What are some Asian fairy tales
A Chinese fairy tale
Getting a taxi in Beijing during rush hour has been difficult for several weeks. More and more taxis are pre-booked online. The new Beijing taxi app is worthwhile for everyone involved. Customers get a discounted taxi even at peak times and drivers can better calculate their routes and thus reduce idle times. The Chinese internet company Alibaba, which is behind the app, is already breaking all records.
Since Jack Ma and his partners founded the company 15 years ago in their living room in Hangzhou in southern China, Alibaba has seen fairytale growth. In the first year, Ma secured $ 25 million in investments from well-known foreign banks, including the American investment bank Goldman Sachs and the Japanese Softbank. Unlike the western pioneers, his company was profitable after just three years. Ma is now celebrated not only as a billionaire, but also as a hero who fundamentally shaped and revolutionized the Internet and online trade in China. It is thanks to him that Chinese Internet companies have grown into the largest companies in the private sector. Ma recognized early on that Internet users know exactly what they want and he was able to benefit from the experience of the American pioneers.
In addition to Alibaba, he founded taobao.com, one of the largest online department stores for private sellers, and TMall.com, a popular platform for small business owners who can sell their products there. As an internet pioneer in China, he also laid the foundation for online payment systems and the infrastructure for logistics. He not only attracted millions of hobby sellers, but also around 58 million small and medium-sized retailers to his website. Much like Ebay and Amazon in the West, Alibaba has completely changed the way people buy and do business.
It is only logical that Ma now wants to take the next step and go public. Although neither the exact date nor the issue price are known, new speculations in the Chinese and Western media are fueling the fantasies every day.
Because one thing is clear: While the growth of Western Internet retailers is slowly reaching its limits, Alibaba is only just picking up speed. 618 million Chinese already have Internet access and also shop online: In the past fiscal year, goods worth almost $ 171 billion were sold on Alibaba's platforms - more than on Amazon and Ebay combined. And what do the numbers look like when the other half of the population is online too?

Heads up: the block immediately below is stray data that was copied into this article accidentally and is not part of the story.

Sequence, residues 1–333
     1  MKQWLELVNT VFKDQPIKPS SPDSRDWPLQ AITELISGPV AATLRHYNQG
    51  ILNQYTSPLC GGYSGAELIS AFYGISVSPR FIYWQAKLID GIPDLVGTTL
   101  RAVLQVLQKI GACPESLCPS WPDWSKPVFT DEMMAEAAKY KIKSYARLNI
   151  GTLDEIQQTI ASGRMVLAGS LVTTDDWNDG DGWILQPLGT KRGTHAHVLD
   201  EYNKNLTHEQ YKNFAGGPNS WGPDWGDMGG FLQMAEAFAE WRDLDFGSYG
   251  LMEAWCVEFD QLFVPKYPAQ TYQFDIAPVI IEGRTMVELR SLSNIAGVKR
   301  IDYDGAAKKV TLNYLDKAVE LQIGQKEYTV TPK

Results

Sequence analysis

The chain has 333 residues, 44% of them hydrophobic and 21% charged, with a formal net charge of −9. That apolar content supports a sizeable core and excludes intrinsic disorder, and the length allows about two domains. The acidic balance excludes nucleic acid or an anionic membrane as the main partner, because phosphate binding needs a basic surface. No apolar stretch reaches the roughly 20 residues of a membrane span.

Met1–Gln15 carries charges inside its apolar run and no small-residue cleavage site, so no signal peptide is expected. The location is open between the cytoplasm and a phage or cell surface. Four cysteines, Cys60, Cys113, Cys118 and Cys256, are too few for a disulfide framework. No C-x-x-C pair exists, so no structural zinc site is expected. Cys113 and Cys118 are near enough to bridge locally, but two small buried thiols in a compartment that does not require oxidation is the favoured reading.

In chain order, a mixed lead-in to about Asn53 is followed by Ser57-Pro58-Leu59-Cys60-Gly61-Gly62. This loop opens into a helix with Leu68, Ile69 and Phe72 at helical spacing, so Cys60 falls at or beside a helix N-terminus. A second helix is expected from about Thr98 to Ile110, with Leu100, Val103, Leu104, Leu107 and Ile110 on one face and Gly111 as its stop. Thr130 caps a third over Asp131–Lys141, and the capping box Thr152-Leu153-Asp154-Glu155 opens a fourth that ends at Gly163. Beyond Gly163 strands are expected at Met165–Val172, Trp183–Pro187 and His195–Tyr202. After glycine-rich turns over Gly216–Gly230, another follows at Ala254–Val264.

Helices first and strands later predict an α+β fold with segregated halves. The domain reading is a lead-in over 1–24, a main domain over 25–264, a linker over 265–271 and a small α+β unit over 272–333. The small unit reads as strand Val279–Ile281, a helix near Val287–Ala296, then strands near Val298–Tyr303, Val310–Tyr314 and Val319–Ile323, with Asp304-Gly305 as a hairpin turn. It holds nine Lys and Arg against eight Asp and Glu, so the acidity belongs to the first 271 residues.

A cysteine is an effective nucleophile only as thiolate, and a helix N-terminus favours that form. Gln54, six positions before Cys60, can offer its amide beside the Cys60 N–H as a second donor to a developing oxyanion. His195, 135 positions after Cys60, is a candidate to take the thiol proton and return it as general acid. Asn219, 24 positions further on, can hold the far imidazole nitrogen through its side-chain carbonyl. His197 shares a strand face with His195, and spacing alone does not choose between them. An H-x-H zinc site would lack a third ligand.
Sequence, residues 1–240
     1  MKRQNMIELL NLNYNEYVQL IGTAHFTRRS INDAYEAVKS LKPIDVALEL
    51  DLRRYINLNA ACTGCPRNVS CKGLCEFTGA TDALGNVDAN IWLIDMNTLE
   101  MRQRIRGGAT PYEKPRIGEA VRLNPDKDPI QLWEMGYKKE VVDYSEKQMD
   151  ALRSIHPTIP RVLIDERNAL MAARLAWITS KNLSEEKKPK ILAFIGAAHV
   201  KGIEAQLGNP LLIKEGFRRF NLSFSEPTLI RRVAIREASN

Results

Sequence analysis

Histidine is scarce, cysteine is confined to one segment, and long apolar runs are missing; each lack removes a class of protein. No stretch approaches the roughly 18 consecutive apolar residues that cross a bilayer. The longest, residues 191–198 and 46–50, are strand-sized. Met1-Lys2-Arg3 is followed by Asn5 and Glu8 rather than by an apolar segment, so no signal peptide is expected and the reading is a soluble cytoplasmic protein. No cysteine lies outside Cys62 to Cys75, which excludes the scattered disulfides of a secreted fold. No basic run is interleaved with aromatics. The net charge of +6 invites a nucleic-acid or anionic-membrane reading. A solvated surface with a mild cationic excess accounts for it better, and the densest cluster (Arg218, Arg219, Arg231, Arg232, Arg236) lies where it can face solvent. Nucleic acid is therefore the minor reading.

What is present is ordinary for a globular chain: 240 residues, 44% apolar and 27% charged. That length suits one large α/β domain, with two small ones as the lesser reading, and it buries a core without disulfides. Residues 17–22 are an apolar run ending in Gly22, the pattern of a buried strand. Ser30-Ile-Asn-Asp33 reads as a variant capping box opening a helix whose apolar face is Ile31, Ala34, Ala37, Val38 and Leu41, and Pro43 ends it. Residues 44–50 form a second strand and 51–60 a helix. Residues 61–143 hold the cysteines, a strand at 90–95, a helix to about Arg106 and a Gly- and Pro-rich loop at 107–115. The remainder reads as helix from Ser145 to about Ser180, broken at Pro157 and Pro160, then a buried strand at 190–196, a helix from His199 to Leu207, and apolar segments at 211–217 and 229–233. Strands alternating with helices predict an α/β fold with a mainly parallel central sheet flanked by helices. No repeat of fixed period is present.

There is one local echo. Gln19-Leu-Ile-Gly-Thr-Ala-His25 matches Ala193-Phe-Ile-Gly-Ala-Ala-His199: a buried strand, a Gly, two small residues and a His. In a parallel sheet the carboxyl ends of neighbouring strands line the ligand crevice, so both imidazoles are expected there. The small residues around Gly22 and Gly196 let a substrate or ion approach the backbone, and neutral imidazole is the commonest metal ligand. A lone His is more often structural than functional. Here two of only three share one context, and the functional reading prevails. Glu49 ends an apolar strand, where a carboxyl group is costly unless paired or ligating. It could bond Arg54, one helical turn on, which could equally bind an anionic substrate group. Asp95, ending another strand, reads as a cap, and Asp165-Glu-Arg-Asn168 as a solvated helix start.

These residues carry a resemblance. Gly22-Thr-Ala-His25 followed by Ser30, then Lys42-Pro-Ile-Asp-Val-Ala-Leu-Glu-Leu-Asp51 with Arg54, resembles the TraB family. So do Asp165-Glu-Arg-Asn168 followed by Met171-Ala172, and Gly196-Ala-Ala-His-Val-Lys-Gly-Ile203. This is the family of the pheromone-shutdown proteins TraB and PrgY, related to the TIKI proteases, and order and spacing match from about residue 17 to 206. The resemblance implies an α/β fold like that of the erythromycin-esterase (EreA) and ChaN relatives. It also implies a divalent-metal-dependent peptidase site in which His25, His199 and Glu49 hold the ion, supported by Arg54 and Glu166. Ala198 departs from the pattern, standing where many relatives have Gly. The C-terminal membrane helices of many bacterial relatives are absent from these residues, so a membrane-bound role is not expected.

In the now planned IPO, the main aim is to collect fresh money in order to expand the product range. In addition to Alipay, a mobile payment service comparable to PayPal, even more incentives for shopping are to be set.
But even for such a model company, the Chinese government does not allow everything. Alibaba's newest product, a virtual credit card, was not licensed. The regulators found it too tricky that the creditworthiness of the customers was not checked and the security of the system could not be guaranteed. The government fears that it will lose track if payments are to be processed independently of the state banks. It is also important to the government that competitors have a chance and that there are no quasi-monopolies. They learned that quickly from developments in the West.
Weibo, a free Chinese short message service, and JD.com, number two in China's online trading, have also filed an application with the US Securities and Exchange Commission to go public in New York. So there will be a second wave of Chinese IPOs abroad. This time, however, the main beneficiaries are no longer just foreign investors, but above all China's consumers as well as Asia's financial world. Alibaba offers its users the opportunity to invest their money with high returns. And investors in Asia have long been urging their bankers to secure shares from Alibaba early. In doing so, they are driving prices so high that foreign investors are unlikely to find a bargain.
But it is also clear: Although China's Internet industry is on the advance, at least in the case of Alibaba, the West will not go completely empty-handed: the US Internet company Yahoo alone owns 24 percent of the shares in Alibaba and will earn a lot from the IPO. With this participation, however, they cannot prevent the Chinese companies from expanding in the western market soon.
Our correspondent has lived in Beijing for 20 years.
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